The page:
ASEAN basketball games in Taiwan postponed due to entry restrictions

Taipei The ASEAN basketball league (ABL) has postponed its upcoming games in Taiwan due to the government's ban on the entry of certain travelers as part of its prevention efforts against the deadly 2019 novel coronavirus (2019 nCoV).

A total of six games that were scheduled for Taiwan in February and early March have been postponed to indefinite dates, according to the ABL website.

The two Taiwan teams in the league that were slated to play home games over the next month are the Formosa Dreamers and Taipei Fubon Braves, which are based in Changhua City and Taipei, respectively.

According to the ABL schedule, the Formosa Dreamers were due to play back to back games against the Hong Kong Eastern on Feb. 8 and 9 and the Macau Wolf Warriors on Feb. 22 and 23 at Changhua County Stadium.

The Taipei Fubon Braves, meanwhile, were scheduled to play the Macau Wolf Warriors on Feb. 29 and March 1 at Taipei Heping Basketball Gymnasium.

In addition to the six games in Taiwan, another nine have been postponed by the ABL, which cited travel restrictions enforced by certain countries due to the 2019 nCoV epidemic in China and its spread across the word.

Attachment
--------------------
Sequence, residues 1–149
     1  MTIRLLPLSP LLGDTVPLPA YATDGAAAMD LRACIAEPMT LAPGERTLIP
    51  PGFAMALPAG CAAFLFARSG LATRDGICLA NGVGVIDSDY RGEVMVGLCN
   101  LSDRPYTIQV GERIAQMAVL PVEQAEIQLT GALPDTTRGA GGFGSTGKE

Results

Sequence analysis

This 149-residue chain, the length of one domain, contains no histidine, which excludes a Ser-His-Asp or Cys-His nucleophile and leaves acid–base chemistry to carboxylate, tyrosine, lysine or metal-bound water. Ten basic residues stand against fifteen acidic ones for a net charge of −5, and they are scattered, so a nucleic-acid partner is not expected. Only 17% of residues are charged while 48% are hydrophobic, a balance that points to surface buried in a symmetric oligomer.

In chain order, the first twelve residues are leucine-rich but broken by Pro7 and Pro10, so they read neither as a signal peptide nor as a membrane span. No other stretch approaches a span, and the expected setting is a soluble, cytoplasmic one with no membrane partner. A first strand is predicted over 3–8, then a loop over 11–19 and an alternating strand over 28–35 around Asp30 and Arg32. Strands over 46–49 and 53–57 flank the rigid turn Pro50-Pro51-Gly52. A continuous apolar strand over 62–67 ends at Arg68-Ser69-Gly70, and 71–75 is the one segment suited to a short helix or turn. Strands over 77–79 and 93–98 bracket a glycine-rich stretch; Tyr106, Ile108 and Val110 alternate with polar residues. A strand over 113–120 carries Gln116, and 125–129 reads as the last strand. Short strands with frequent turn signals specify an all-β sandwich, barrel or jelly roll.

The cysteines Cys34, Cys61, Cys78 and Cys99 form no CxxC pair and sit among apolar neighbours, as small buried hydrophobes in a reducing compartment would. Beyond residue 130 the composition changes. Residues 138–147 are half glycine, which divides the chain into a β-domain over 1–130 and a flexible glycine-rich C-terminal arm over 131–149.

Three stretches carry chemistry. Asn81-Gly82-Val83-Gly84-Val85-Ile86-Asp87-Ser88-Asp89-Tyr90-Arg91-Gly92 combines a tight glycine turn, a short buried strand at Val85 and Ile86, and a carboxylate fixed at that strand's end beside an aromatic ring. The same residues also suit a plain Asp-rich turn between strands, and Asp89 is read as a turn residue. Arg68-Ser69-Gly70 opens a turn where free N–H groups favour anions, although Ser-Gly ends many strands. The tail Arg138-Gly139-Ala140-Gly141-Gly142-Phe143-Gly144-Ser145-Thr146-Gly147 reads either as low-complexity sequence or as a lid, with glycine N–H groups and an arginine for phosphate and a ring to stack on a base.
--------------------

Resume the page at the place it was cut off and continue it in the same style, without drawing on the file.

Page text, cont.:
Taiwan is among the countries that have implemented such restrictions, as it has imposed a ban on all Chinese nationals and tightened its entry requirements for residents of Hong Kong and Macau, and foreign nationals who have visited any of those areas in the 14 day period prior to their arrival in Taiwan.

The travel restrictions pose a problem for the ABL, which allows each team to employ three world imports that are usually the star players in the league.

"The league is evaluating the situation on a day to day basis as it values the utmost safety of its teams, players, personnel, and most especially its fans," the ABL said on its website.

It said a revised schedule will be released once the 2019 nCoV situation improves and the travel restrictions are lifted.

The 2019 nCoV, which started in the Chinese city of Wuhan last December, has since resulted in more than 30,000 infections and 638 deaths, mostly in China. To date, Taiwan has confirmed 16 cases. Last week, the World Health Organization declared the virus a global health emergency.

Source: Focus Taiwan News Channel